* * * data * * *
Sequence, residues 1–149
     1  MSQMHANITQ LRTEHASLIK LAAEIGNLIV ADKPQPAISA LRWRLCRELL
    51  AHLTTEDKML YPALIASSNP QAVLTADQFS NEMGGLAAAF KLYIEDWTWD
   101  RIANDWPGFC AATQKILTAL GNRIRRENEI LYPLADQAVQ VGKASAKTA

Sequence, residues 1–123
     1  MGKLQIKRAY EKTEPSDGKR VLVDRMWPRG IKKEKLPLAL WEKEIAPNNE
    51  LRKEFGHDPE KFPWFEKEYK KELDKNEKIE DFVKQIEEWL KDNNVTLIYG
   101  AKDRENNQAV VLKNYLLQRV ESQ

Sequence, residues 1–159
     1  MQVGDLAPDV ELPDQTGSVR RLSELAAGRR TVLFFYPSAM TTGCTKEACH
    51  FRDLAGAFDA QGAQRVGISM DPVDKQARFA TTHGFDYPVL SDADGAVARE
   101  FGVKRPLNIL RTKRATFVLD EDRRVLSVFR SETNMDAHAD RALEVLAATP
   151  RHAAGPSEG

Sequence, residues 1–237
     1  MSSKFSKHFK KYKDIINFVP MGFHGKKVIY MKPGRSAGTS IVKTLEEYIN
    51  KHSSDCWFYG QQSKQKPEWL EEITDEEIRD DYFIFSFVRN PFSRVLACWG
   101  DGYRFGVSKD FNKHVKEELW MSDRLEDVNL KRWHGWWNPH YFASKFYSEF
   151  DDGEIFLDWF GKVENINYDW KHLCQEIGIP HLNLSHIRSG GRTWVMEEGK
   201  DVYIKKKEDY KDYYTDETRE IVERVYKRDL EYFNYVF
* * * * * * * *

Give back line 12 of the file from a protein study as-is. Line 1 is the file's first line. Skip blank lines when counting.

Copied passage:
   101  FGVKRPLNIL RTKRATFVLD EDRRVLSVFR SETNMDAHAD RALEVLAATP